Hampi part 1

Trip Start Feb 19, 2006
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31
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Trip End Oct 01, 2006


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Tuesday, April 25, 2006

Arriving in Hampi at sunset, through archways and ruins was an experience. So many ancient things tend to give one a sense of history, and one must crawl out of the Hanuman monkey mind and stop being wrapped up in personal strife to appreciate all that has come before.
It has been thought before, felt before, experienced before, by many. Human nature has not changed for at least 40k years, and though we would like to consider ourselves somehow above the past, and more 'evolved' than the ancient peoples, the fact is that the human heart and brain has not changed a whit in all that time.
India is a prime example. These people are very intelligent and bright, super-clever. Most speak three languages: The "mother tongue," depending on the regional language, the "national" language, which is Hindi, and "international" speech, usually english. The children all speak these three, for the most part, which is more than I can say I have seen in the West, where people seem to be lazy when it comes to excercising the brain.
The Indian people make due with what they have, which in many cases is not much at all. They smile while they do it as well, and aspire to more, but do not push so hard as to the exclusion of family and humanity, as is so common in other countries. All in all, it is a culture of acceptance, and family and love is important here. Perhaps this is why I have become so comfortable here, my own country is full of closed-up and tight-assed people, though I have been lucky to have been surrounded by free thinkers for most of my life.
"It is not what you have, it is who you have. . This is one of my own.

Enough perigrinating, and on to the show. . .

The first day in Hampi I basically spent having a lazy morning drinking coffee and reading the Vijay times, then I set to work on Rocinante in the heat of the day. I like to work or trek in the heat of the day, it gets one used to the blistering furnace that is the rocky world of Hampi, and indeed of Karnataka.
At the Gopi, I got to talking to my two new friends, Anil, and Kiran. They gave me the low down on some of the politics of the area. It seems that the Iron mining people, living in Hospet and wealthy, had started to put up a bridge over the river, and were told to take it down, as Hampi is a holy and historical site, and such a bridge would mean trucks all day and night bringing the iron ore that the greedy mining magnates so desparately want.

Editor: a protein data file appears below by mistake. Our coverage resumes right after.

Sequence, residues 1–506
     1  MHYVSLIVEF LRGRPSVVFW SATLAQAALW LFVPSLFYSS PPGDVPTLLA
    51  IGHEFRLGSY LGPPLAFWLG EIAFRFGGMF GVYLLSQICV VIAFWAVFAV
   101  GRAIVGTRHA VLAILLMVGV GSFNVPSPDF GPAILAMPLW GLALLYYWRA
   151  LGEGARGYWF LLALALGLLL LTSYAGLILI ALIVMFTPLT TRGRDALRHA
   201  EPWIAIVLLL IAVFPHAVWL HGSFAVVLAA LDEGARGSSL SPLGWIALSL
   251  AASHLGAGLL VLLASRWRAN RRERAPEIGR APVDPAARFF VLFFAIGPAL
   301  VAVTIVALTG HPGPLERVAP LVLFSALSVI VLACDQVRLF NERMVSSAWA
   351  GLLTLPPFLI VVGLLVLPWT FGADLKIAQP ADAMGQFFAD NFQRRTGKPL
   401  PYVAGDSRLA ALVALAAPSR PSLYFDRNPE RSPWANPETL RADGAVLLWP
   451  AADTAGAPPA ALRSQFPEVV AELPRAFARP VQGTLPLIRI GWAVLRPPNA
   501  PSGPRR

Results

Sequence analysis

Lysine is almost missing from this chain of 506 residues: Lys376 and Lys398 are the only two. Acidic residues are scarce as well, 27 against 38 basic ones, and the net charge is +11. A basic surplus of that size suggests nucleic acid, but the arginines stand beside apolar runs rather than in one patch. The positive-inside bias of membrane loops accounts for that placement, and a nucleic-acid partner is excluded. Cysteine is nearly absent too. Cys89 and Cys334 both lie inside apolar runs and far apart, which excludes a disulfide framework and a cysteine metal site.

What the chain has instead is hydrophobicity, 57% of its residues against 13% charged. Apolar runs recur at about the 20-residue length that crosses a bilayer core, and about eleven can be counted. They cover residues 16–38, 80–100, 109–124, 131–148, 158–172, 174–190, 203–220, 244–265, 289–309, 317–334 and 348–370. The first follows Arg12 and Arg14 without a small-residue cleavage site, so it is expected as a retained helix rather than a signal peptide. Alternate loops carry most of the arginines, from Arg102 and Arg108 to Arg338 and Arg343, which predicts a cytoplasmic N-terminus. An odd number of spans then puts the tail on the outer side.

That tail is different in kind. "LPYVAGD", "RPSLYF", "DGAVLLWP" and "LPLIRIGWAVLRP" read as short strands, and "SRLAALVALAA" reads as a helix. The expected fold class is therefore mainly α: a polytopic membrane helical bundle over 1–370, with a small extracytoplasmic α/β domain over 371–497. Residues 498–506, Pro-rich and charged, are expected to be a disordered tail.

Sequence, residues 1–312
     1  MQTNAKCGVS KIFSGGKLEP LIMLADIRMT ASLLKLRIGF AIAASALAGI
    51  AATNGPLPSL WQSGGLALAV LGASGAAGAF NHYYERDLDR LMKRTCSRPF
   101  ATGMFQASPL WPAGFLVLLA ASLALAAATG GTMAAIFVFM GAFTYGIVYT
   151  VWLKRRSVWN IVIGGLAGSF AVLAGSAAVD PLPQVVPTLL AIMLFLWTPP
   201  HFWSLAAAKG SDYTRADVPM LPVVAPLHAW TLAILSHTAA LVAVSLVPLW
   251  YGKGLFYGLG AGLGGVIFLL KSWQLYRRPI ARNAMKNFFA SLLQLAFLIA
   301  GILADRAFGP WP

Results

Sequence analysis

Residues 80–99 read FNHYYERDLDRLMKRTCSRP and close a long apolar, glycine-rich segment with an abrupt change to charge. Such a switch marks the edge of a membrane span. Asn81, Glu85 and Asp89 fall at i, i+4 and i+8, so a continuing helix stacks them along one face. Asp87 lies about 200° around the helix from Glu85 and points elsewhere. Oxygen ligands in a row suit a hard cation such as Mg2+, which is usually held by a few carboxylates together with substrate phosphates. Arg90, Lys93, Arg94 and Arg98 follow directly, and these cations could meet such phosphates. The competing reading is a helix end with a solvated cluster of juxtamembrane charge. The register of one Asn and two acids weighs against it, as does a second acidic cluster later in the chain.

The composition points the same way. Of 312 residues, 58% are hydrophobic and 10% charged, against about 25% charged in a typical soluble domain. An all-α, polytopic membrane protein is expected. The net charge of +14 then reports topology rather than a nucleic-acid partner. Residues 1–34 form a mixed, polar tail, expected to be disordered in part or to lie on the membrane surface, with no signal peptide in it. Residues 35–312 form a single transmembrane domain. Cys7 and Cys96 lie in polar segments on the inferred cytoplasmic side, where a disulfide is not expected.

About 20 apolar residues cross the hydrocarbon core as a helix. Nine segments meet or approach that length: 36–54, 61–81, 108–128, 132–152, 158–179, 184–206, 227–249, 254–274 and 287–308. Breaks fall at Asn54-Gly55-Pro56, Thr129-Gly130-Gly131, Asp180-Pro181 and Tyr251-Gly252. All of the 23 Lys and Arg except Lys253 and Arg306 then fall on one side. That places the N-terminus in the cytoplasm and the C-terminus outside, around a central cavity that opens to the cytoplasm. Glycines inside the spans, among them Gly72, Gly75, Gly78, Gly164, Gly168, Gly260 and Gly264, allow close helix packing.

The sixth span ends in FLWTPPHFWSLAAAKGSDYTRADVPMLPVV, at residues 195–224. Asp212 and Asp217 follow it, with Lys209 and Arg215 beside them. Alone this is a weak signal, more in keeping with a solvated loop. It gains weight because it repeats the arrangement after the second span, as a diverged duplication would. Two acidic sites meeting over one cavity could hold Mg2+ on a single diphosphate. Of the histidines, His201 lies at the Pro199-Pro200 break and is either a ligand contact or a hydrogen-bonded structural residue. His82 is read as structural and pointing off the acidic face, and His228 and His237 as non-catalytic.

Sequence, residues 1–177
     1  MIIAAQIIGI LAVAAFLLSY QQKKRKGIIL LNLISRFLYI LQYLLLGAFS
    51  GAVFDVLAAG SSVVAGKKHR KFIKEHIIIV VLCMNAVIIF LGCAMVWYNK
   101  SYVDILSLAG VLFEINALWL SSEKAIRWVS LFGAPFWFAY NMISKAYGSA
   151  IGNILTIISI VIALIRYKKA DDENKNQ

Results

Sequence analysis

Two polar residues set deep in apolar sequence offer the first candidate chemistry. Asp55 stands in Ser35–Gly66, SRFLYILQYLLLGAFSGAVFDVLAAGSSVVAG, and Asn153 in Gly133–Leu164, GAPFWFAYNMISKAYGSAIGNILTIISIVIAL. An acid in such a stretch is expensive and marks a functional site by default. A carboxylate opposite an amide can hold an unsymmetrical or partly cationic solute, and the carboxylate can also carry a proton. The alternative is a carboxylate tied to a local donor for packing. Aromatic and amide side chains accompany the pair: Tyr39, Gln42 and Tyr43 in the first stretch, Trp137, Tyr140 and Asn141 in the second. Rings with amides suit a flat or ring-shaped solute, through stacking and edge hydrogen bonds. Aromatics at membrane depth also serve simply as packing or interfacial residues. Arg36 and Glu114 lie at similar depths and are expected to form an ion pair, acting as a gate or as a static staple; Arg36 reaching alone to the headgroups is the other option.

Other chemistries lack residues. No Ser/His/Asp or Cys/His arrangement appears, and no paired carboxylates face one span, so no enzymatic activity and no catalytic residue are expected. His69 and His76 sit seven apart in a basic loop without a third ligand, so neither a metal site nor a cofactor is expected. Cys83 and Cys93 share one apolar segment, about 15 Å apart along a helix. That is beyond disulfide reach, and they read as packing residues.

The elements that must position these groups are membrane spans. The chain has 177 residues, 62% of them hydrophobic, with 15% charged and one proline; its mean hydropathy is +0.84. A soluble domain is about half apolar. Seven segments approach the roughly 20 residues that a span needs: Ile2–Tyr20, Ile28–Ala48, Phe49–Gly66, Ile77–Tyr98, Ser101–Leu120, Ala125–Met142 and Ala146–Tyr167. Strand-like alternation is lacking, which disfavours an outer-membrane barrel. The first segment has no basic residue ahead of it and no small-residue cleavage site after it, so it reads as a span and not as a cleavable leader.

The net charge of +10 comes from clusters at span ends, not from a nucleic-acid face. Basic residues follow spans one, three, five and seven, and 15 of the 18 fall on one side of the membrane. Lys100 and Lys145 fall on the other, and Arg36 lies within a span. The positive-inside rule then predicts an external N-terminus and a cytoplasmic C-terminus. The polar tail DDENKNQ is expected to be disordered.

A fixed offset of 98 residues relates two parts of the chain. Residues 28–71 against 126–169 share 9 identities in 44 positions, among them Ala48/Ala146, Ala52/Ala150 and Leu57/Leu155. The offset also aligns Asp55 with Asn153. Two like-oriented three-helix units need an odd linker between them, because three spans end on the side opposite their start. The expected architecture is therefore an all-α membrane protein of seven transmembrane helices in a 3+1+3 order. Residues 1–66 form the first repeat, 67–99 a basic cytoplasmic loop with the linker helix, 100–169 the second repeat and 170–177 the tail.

The second part of the plan was to move the main street, in which poor families and their shops reside to a plaza a couple of kilometers away to a half-finished plaza where they could ply their wares without bothering the high-income tourism they hope to draw by building five-star hotels along the riverside. Of course, the same men want to do this all, and were handed a cease-and-desist order until the government minister of culture and history could have a look.
And look she did. A couple of days later she came into town with much fanfare and parading. Kiran, who is treasurer of the Hampi Colony Association had feared that she might be in the pocket of the big businessman, but after meeting with her, came away with a good impression, and said that she was thinking in "a right way."
So perhaps Hampi will live to see another year, another decade, perhaps.

This kind of development is typical of Indian politics. They want to put up a brand new bridge for trucks to pass over historic ruins, make a huge plaza to tuck away the poor merchants and take away their livlihood, build 5 star hotels on a historic site, yet the electricity does not stay on, the roads are shite, and there is no good water.
I have one word for the Indian government: INFRASTRUCTURE!
First one needs to wire the place, plumb it, have decent roads to get there, phones that work, etc, etc. Only then can one even think build resorts and such. A bit of the old "putting the cart before the horse" thing going on there.

Fortunately it would seem that the culture minister, all the way from Delhi was more sympathetic to the locals and their numerous petitions than to the interests of the big business.
These things work the same almost everywhere. Sometimes, though big business corporations are able to buy whole governments, even making wars, and taking freedoms.
This doesn't seem to have happened here in India, though there is still time.
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